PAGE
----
Monocoupe Fuselage?

HomeBuiltAirplanes.com

Help Support HomeBuiltAirplanes.com:

FritzW

Well-Known Member
Log Member
Joined
Jan 30, 2011
Messages
3,779
Location
Las Cruces, NM
Hi All,

One of our looong time chapter members passed away and I'm helping the family clean out his hangar.

There's a Monocoupe fuselage hanging from the rafters (so far we can't find any paperwork). I'm trying to find some Monocoupe folks to help me find a good home for it, anyone got any ideas?

P.S. the Monocoupe type club has pretty much folded up.

Thanks
Fritz
 

TFF

Well-Known Member
Joined
Apr 28, 2010
Messages
12,258
Location
Memphis, TN
Unless it is a real short wing, they are not worth too much. You could build some wings and have a cool plane.
 

FritzW

Well-Known Member
Log Member
Joined
Jan 30, 2011
Messages
3,779
Location
Las Cruces, NM
Without an ID plate or paperwork it's not worth much more than scrap, but it might be a good parts donor for someone restoring a Monocoupe. ...I'd sure hate to see that happen though. Too many old classics slip into oblivion that way.
 

TFF

Well-Known Member
Joined
Apr 28, 2010
Messages
12,258
Location
Memphis, TN
If its solid someone will want it. Ad on barnstormers will have it gone. If I was closer I would be on it. I know someone who restored one probably still has his jigs.
 

Turd Ferguson

Well-Known Member
Joined
Mar 13, 2008
Messages
4,951
Location
Upper midwest in a house
Hi All,

One of our looong time chapter members passed away and I'm helping the family clean out his hangar.

There's a Monocoupe fuselage hanging from the rafters (so far we can't find any paperwork). I'm trying to find some Monocoupe folks to help me find a good home for it, anyone got any ideas?

P.S. the Monocoupe type club has pretty much folded up.

Thanks
Fritz
I have a line drawing of a monocoupe fuselage at home. Give me till Mon and l try to post a pic
 

Rockiedog2

Well-Known Member
Joined
Dec 11, 2012
Messages
2,318
Without an ID plate or paperwork it's not worth much more than scrap, but it might be a good parts donor for someone restoring a Monocoupe. ...I'd sure hate to see that happen though. Too many old classics slip into oblivion that way.
I would think if one built everything but the fuse it likely would qualify for EAB 51%. Just have to check with a DAR or somebody and see. No data plate/paperwork required. The QB RV's have about the whole basic fuse done.
 

Victor Bravo

Well-Known Member
Joined
Jul 30, 2014
Messages
6,761
Location
KWHP, Los Angeles CA, USA
Put it on Barnstormers and you will have an immediate and clear indication of the level of "public" interest in it.

I believe that it would qualify as E-AB if someone took a bare fuselage and built everything else, especially if the fuselage was just a frame. If the fuselage is more of "a complete airplane less wings", then it will be hard to build a legit E-AB. So for the E-AB possibility, the $64 question is how much of a fuselage is it. An E-AB will also be a lot easier to build if it started with an "antique fuselage frame of unknown origin and without a data plate".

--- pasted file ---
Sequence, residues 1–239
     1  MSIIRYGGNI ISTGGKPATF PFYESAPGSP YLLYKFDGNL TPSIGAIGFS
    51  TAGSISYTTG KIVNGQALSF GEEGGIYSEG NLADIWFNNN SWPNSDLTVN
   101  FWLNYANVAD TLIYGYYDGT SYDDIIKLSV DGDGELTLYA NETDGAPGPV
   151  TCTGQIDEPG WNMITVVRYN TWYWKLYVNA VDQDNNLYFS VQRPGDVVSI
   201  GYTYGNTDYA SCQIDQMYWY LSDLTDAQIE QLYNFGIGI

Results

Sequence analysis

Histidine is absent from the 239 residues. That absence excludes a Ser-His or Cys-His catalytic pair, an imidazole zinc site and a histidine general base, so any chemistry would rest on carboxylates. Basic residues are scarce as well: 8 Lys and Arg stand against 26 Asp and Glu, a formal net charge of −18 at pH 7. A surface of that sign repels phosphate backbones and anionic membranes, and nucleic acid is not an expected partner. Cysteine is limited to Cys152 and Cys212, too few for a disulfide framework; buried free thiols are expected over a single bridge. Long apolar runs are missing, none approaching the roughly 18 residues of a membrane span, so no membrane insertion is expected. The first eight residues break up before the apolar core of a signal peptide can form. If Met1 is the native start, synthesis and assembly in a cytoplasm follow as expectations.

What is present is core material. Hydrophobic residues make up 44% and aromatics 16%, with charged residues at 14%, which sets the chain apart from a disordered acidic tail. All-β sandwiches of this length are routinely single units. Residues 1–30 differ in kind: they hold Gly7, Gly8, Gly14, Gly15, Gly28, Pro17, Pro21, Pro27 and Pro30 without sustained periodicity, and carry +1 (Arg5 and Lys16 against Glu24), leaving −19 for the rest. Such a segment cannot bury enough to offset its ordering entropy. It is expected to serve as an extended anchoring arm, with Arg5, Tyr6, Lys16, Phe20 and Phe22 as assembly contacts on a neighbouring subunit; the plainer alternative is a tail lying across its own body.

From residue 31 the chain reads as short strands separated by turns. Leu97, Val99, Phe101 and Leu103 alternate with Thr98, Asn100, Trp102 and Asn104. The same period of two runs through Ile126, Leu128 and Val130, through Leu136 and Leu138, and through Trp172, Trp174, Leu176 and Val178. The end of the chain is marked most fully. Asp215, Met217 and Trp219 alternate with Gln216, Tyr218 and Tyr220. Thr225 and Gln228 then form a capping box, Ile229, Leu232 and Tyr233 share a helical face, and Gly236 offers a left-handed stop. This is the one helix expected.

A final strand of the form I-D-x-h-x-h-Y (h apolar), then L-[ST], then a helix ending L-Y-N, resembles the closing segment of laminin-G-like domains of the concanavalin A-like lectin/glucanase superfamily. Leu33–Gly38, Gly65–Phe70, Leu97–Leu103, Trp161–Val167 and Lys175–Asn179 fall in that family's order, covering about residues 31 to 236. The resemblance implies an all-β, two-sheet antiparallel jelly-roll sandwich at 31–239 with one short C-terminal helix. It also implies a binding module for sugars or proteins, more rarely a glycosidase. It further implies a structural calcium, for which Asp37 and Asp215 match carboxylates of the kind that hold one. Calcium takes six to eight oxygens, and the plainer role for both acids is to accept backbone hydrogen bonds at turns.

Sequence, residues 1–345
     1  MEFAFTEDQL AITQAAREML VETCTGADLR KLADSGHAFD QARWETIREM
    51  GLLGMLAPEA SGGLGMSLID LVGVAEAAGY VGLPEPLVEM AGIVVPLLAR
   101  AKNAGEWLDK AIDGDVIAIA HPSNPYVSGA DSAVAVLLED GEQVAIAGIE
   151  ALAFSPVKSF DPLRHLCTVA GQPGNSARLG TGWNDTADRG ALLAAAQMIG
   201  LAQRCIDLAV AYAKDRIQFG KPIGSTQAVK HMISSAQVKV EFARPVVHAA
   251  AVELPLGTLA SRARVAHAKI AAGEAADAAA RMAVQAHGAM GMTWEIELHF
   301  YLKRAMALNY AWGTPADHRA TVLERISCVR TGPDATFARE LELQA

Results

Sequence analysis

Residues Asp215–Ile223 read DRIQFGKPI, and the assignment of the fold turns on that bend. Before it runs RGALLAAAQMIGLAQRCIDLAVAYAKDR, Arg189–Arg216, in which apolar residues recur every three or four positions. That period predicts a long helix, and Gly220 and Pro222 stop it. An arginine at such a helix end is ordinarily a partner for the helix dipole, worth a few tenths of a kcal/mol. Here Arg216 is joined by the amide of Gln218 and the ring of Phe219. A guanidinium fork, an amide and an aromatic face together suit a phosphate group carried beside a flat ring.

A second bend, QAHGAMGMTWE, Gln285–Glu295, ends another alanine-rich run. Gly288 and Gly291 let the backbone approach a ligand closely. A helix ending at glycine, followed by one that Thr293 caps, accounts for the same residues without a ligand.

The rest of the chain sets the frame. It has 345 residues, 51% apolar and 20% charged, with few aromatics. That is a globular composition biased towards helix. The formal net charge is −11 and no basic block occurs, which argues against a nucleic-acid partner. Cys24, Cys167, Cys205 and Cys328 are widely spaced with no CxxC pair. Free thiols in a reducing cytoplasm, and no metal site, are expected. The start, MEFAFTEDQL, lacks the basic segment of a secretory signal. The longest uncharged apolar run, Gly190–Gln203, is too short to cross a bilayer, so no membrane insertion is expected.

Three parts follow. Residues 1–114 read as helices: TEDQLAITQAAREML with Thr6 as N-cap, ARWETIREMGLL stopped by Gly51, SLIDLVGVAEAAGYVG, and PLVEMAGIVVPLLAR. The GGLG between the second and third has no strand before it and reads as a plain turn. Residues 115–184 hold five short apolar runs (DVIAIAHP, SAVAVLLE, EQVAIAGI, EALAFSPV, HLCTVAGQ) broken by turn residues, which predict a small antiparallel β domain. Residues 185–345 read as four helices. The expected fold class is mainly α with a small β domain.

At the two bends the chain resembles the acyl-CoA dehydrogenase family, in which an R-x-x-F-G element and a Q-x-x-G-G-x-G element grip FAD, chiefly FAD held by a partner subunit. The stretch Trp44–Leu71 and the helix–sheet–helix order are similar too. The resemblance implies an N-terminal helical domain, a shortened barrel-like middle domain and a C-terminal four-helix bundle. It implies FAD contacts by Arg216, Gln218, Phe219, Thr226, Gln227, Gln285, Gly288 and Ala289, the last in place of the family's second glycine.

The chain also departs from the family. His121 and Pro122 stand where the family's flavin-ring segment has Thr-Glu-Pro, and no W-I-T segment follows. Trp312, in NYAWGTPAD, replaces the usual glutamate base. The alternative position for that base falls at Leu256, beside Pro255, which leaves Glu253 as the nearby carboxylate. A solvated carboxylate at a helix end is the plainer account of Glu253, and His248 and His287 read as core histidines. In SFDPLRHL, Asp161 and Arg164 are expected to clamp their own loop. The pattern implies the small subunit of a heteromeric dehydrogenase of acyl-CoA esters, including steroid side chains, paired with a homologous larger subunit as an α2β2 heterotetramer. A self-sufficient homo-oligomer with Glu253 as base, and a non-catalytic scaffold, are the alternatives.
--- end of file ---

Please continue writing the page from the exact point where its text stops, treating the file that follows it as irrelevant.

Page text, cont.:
The other big variable is how important was this to the person who passed away? Was it his life long dream to have a Monocoupe... would the family see it as a moving tribute to him if it were finished... would the EAA member or his family not care, and just want the rafters cleaned out?

The reason I'm saying this is because it will determine the price and terms of the sale. I've given away airplane projects because I wanted to see it go to a good home, or be rebuilt by someone who cares, or in one recent case because I wanted to help further a worthy engine development cause. I've also sold stuff to get it gone and didn't care what happened to it.

There is also a really REALLY good little aviation classified newspaper called Aviator's Bulletin, which is published in Ojai, CA. Lots of interesting stuff that is not advertised elsewhere. Definitely worth the ten or fifteen bucks to get that magazine, ads are free for subscribers.

If you want to really "do the right thing" on the level of a true aviator (that's you, Fritz :) ) I have two other ideas:

1) get the information about this airplane to Santa Paula Airport here just NW of Los Angeles. That is one of the "center of the world" places for antique airplanes. Call the airport manager Rowena Mason, and ask her for the e-mail or whatever, and send her the flyer, photos, whatever. She knows everyone, she's part of the asphalt at that airport since birth, and is hooked into all the correct circles for aircraft such as this.

2) Make sure Pete Plumb knows about this (if he doesn't already see it here), because anyone wanting a Monocoupe will need wooden wings that are worthy of such an aircraft. Pete is the top (or is one of the top three) aircraft woodworkers and wing builders in the US. So he will likely know or be known by anyone in those circles.

3) One name that is most often associated with the Monocoupes is Bud Dake, who is apparently the Grand Guru of instructors and pilots in the Clip-Wings. I don't know him, I just remember his name.

*sigh* ... If only someone with a woodworking CNC machine, CAD capabilities, wooden aircraft experience, and a personal love for wooden aircraft were to begin looking around at Monocoupe drawings... *sigh* :devious:
 

Kevin N

Well-Known Member
Joined
Jan 23, 2015
Messages
819
Location
Your Moms basement
Bud Dake indeed WAS a Monocoupe expert. He died many years ago in a Monocoupe accident. Shouldn't be hard to find somebody wanting anything from an original Monocoupe. Monocoupe guys are a cult.